2013 “Dude, srsly? The Surprisingly Formal Nature of Twitter’s Language.” In 7th international AAAI conference on web logs and social media (ICWS), Association for the Advancement of Artificial Intelligence.Google Scholar
Jurafsky, Dan, Victor Chahuneau, Bryan R. Routledge, and Noah A. Smith
2014 “Narrative Framing of Consumer Sentiment in Online Restaurant Reviews.” First Monday 19 (4). CrossrefGoogle Scholar
Kraaikamp, Margot
2012 “The Semantics of the Dutch Gender System. Journal of Germanic Linguistics 24 (03): 193–232. CrossrefGoogle Scholar
Labov, William
1972Sociolinguistic Patterns. Philadelphia: University of Pennsylvania Press.Google Scholar
1990 “The Intersection of Sex and Social Class in the Course of Linguistic Change.” Language variation and change 2 (02): 205–254. CrossrefGoogle Scholar
Lemmens, Maarten
2013 “Van (neutraal) tussenwerpsel naar (positief) evaluatief adjectief: ça va en oké in het Nederlands.” Internationale Linguistiek 11: 5–28.Google Scholar
Malvern, David, and Brian Richards
2012 “Measures of Lexical Richness.” The Encyclopedia of Applied Linguistics. Wiley Online. CrossrefGoogle Scholar
Monroe, Burt L., Michael P Colaresi, and Kevin M Quinn
2008 “Fightin’ Words: Lexical Feature Selection and Evaluation for Identifying the Content of Political Conflict.” Political Analysis 16 (4): 372–403. CrossrefGoogle Scholar
Nguyen, Dong, Noah A Smith, and Carolyn P Rosé
2011 “Author Age Prediction from Text Using Linear Regression.” In Proceedings of the 5th ACL-HLT Workshop on Language Technology for Cultural Heritage, Social Sciences, and Humanities, 115–123. Atlanta: Association for Computational Linguistics.Google Scholar
Nguyen, Dong, Dolf Trieschnigg, and Theo Meder
2013 “Tweetgenie: Development, Evaluation, and Lessons Learned.” In ACM Sigweb Newsletter 4.Google Scholar
Nguyen, Dong, A Seza Doğruöz, Carolyn P Rosé, and Franciska de Jong
2015 “Computational Sociolinguistics: A Survey.” Computational Linguistics 42 (3): 537–593. CrossrefGoogle Scholar
Oostdijk, Nelleke
2000 “The Spoken Dutch Corpus: Overview and first evaluation.” In Proceedings of LREC 2000, 887–894, Athens: European Language Resources Association.Google Scholar
Rao, Delip, David Yarowsky, Abhishek Shreevats, and Manaswi Gupta
2010 “Classifying Latent User Attributes in Twitter.” In Proceedings of the 2nd international workshop on Search and mining user-generated contents, 37–44. Association for Computing Machinery. CrossrefGoogle Scholar
Tagliamonte, Sali A.
2011Variationist Sociolinguistics: Change, Observation, Interpretation. Oxford: John Wiley & Son.Google Scholar
Tjong Kim Sang, Erik
2011 “Het gebruik van Twitter voor taalkundig onderzoek.” TABU: Bulletin voor Taalwetenschap 39 (1/2): 62–72.Google Scholar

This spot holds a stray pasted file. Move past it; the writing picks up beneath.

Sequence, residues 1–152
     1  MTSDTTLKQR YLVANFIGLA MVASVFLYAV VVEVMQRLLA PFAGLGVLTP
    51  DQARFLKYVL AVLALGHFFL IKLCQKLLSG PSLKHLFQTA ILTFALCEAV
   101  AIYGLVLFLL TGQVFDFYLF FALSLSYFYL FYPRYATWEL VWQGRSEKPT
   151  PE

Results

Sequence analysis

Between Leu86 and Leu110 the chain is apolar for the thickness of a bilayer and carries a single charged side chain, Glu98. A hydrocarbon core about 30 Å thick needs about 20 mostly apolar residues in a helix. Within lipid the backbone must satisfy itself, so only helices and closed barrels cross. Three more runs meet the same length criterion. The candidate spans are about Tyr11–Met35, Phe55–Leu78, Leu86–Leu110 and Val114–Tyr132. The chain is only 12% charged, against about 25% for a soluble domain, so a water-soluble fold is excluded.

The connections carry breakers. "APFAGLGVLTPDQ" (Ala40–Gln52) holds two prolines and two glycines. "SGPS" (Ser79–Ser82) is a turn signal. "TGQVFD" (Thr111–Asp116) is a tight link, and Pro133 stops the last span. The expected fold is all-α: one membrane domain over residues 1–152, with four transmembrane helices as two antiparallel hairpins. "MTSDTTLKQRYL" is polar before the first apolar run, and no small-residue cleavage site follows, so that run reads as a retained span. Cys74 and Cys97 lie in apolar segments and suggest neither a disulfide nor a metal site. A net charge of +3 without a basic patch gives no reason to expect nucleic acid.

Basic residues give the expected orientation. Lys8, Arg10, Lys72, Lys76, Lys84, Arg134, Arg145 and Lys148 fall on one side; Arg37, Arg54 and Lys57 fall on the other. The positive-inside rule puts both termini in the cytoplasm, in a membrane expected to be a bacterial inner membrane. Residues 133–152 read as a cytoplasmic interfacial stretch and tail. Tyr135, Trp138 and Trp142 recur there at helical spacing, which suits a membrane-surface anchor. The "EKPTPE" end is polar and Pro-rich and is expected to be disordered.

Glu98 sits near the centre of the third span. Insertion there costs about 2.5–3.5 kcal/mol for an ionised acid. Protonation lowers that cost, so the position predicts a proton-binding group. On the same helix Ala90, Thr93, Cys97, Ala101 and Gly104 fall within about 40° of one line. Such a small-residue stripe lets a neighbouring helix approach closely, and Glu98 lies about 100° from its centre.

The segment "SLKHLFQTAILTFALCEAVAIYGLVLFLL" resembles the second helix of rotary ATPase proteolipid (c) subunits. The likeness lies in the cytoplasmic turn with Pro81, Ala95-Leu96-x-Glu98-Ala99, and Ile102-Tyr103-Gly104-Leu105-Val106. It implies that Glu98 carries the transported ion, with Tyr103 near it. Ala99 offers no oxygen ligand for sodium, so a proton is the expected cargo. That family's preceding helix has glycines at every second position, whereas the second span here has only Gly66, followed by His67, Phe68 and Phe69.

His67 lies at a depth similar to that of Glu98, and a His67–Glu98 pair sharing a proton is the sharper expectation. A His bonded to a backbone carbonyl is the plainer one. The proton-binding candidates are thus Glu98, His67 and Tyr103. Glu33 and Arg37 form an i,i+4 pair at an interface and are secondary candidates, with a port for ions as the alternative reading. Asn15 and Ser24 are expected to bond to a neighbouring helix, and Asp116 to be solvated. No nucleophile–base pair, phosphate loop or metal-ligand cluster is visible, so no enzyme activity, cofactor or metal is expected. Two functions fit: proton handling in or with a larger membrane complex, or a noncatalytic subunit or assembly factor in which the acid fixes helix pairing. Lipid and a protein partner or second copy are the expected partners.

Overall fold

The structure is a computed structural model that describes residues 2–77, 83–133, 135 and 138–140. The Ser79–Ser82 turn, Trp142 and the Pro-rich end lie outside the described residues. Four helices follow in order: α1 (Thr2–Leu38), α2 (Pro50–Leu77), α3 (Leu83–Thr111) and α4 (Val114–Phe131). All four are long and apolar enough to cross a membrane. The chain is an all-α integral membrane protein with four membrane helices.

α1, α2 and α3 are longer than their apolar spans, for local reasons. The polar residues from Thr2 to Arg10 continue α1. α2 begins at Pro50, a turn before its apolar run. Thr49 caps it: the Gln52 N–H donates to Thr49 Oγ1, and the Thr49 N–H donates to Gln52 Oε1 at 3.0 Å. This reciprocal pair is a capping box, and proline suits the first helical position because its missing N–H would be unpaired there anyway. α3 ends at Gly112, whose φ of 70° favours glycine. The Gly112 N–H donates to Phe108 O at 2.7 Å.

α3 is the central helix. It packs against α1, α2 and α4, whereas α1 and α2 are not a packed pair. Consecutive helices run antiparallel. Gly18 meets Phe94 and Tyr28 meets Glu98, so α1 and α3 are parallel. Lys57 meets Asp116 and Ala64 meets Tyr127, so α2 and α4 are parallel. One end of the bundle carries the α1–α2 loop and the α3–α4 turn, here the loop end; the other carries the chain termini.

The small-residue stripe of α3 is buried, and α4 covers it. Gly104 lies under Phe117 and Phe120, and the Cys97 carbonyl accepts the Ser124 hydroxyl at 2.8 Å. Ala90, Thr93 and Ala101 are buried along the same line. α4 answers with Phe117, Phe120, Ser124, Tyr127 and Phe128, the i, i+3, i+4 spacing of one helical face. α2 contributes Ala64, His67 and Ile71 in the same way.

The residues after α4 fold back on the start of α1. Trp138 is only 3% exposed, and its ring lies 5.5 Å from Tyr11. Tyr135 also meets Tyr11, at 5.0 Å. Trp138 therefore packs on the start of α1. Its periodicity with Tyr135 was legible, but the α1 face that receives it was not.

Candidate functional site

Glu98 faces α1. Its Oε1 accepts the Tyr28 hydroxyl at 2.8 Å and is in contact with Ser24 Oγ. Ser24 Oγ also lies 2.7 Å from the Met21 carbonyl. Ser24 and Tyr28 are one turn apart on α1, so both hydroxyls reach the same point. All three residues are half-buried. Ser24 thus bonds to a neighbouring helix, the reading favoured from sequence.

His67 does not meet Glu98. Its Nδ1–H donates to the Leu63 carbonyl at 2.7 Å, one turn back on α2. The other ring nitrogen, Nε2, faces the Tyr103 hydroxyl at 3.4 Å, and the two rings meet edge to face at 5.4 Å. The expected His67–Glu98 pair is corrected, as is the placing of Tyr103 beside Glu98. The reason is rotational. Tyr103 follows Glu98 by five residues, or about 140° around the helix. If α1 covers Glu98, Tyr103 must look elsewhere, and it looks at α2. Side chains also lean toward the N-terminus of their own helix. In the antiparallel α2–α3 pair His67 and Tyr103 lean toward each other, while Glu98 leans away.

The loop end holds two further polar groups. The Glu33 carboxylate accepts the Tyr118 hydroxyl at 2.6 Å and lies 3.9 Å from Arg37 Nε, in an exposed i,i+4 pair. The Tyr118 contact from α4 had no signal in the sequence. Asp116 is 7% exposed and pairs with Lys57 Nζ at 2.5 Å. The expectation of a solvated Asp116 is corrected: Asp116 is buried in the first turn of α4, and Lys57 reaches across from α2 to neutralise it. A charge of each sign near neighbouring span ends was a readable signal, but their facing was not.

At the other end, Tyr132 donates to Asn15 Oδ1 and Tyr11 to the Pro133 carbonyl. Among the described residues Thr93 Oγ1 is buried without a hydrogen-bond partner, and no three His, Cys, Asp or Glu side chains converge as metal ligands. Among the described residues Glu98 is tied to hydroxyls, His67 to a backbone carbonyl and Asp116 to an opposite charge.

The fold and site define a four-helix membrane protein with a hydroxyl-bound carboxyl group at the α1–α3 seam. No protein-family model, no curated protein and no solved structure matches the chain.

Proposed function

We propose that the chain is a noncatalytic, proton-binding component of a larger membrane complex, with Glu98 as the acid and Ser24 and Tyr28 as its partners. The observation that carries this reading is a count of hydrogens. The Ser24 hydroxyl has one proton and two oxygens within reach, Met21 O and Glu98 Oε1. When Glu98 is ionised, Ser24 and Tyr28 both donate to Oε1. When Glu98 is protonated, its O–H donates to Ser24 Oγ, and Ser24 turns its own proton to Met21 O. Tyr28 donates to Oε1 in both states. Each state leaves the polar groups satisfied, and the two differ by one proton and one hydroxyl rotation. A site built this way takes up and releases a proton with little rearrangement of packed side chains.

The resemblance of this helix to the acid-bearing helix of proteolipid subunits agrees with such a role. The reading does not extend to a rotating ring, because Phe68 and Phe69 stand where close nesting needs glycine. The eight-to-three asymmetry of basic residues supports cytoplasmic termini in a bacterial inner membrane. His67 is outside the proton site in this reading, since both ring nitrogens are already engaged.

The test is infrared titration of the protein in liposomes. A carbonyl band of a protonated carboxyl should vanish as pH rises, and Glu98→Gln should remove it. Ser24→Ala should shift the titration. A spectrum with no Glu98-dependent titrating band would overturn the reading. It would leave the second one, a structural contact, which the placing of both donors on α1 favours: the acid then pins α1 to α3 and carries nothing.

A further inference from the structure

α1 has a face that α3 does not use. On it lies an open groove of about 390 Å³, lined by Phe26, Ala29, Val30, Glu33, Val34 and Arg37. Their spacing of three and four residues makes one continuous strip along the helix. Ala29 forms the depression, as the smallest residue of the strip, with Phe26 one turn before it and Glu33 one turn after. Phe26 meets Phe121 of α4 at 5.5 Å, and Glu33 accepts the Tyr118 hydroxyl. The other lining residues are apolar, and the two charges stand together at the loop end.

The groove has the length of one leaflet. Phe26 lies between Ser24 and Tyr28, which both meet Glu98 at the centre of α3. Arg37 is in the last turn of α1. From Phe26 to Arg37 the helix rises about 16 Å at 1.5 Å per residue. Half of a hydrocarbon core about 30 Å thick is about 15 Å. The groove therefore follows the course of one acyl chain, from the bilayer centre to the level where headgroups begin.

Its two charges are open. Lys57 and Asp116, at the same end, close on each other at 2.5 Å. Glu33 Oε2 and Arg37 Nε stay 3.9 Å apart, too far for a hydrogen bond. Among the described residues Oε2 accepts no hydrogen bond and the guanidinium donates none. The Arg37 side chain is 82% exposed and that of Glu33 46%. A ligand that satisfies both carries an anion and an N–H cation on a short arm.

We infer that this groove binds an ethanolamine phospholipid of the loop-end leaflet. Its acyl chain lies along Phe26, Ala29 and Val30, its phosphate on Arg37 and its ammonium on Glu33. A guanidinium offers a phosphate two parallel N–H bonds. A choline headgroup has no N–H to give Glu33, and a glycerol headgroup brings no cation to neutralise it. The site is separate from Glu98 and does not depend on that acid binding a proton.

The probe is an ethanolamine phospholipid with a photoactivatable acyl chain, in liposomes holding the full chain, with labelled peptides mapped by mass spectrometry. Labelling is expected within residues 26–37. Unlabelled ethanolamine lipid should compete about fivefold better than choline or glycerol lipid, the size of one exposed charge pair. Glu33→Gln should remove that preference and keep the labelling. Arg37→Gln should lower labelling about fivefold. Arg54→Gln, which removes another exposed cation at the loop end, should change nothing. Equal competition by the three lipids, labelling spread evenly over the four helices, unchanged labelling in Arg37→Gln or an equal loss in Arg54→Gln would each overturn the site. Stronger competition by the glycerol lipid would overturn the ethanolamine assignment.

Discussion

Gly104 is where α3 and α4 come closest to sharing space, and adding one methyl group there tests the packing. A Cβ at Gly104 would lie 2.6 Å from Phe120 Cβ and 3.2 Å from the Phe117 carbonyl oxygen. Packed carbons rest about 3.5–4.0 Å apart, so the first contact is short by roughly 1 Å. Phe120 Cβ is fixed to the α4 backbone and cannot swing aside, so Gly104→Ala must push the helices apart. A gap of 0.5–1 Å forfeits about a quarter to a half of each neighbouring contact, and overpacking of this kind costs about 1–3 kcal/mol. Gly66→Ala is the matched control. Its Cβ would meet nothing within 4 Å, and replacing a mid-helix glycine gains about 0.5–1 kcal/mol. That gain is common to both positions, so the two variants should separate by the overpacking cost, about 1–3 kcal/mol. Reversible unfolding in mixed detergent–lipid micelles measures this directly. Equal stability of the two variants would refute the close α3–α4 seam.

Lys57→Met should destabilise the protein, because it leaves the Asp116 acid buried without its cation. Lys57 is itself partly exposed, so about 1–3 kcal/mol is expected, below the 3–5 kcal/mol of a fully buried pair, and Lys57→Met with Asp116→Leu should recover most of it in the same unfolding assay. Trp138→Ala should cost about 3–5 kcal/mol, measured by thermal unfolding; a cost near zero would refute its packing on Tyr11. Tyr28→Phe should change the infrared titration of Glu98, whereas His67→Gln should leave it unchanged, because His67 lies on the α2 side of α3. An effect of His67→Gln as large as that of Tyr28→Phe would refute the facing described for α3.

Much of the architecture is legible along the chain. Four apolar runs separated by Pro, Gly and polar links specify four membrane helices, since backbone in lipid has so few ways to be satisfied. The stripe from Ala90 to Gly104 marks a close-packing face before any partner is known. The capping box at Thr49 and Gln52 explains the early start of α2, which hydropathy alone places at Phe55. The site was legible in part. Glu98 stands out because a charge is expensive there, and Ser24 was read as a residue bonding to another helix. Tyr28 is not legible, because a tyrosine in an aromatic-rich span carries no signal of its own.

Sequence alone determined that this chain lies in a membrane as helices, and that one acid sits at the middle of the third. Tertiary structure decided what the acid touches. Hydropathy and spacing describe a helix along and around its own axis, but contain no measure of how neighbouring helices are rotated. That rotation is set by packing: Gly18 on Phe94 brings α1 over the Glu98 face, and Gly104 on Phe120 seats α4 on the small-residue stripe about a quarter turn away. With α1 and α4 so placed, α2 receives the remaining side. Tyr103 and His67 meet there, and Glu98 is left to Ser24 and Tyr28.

Tjong Kim Sang, Erik, and Antal van den Bosch
2013 “Dealing with Big Data: The Case of Twitter.” Computational Linguistics in the Netherlands Journal 31: 121–134.Google Scholar
Unsworth, Sharon, and Aafke Hulk
2010 “L1 Acquisition of Neuter Gender in Dutch: Production and Judgement.” In Language acquisition and development: proceedings of GALA 2009. Cambridge: Cambridge Scholars.Google Scholar
van Halteren, Hans, and Nelleke Oostdijk
2014 “Variability in Dutch Tweets. An Estimate of the Proportion of Deviant Word Tokens”. Journal of Language Technology and Computational Linguistics 29 (2): 97–124.Google Scholar
van Noord, Gertjan
2006 “At Last Parsing is Now Operational”. In TALN06. Verbum Ex Machina. Actes de la 13e conference sur le traitement automatique des langues naturelles, ed. by Piet Mertens, Cedrick Fairon, Anne Dister, and Patrick Watrin, 20–42. Louvain: Presses Universitaires de Louvain.Google Scholar
van Noord, Gertjan, Gosse Bouma, Frank van Eynde, Daniel de Kok, Jelmer van der Linde, Ineke Schuurman, Erik Tjong Kim Sang, and Vincent Vandeghinste
2013 “Large Scale Syntactic Annotation of Written Dutch: Lassy”. In Essential Speech and Language Technology for Dutch: the STEVIN Programme, ed. by Peter Spyns, and Jan Odijk 147–164. Berlin: Springer. CrossrefGoogle Scholar
Zaenen, Annie, Jean Carletta, Gregory Garretson, Joan Bresnan, Andrew Koontz-Garboden, Tatiana Nikitina, M Catherine O’Connor, and Tom Wasow
2004 “Animacy Encoding in English: Why and How”. In Proceedings of the 2004 ACL workshop on discourse annotation, 118–125. Atlanta: Association for Computational Linguistics. CrossrefGoogle Scholar
Cited by

Cited by 1 other publications

De Vos, Lien, Gert De Sutter & Gunther De Vogelaer
2021. Weighing Psycholinguistic and Social Factors for Semantic Agreement in Dutch Pronouns. Journal of Germanic Linguistics 33:1  pp. 30 ff. Crossref logo

This list is based on CrossRef data as of 22 october 2022. Please note that it may not be complete. Sources presented here have been supplied by the respective publishers. Any errors therein should be reported to them.